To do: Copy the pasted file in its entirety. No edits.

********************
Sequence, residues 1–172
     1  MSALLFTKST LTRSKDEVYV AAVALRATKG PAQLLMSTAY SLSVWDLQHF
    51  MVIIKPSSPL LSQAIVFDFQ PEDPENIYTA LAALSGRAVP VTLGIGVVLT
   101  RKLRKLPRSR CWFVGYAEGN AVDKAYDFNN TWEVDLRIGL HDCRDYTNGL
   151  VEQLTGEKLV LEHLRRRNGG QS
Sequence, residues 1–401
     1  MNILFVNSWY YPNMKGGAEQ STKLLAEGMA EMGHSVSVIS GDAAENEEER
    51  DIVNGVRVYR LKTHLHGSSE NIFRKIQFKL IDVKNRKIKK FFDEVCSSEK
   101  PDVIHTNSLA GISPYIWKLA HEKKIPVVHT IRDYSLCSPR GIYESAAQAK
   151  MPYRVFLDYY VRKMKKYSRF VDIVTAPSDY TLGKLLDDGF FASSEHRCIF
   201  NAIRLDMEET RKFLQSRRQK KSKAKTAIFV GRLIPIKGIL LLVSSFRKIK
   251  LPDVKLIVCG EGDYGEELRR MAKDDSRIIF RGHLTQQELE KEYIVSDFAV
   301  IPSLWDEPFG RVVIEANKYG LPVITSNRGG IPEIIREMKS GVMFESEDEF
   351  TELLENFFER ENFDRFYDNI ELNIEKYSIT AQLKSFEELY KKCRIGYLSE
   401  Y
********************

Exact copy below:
Sequence, residues 1–172
     1  MSALLFTKST LTRSKDEVYV AAVALRATKG PAQLLMSTAY SLSVWDLQHF
    51  MVIIKPSSPL LSQAIVFDFQ PEDPENIYTA LAALSGRAVP VTLGIGVVLT
   101  RKLRKLPRSR CWFVGYAEGN AVDKAYDFNN TWEVDLRIGL HDCRDYTNGL
   151  VEQLTGEKLV LEHLRRRNGG QS
Sequence, residues 1–401
     1  MNILFVNSWY YPNMKGGAEQ STKLLAEGMA EMGHSVSVIS GDAAENEEER
    51  DIVNGVRVYR LKTHLHGSSE NIFRKIQFKL IDVKNRKIKK FFDEVCSSEK
   101  PDVIHTNSLA GISPYIWKLA HEKKIPVVHT IRDYSLCSPR GIYESAAQAK
   151  MPYRVFLDYY VRKMKKYSRF VDIVTAPSDY TLGKLLDDGF FASSEHRCIF
   201  NAIRLDMEET RKFLQSRRQK KSKAKTAIFV GRLIPIKGIL LLVSSFRKIK
   251  LPDVKLIVCG EGDYGEELRR MAKDDSRIIF RGHLTQQELE KEYIVSDFAV
   301  IPSLWDEPFG RVVIEANKYG LPVITSNRGG IPEIIREMKS GVMFESEDEF
   351  TELLENFFER ENFDRFYDNI ELNIEKYSIT AQLKSFEELY KKCRIGYLSE
   401  Y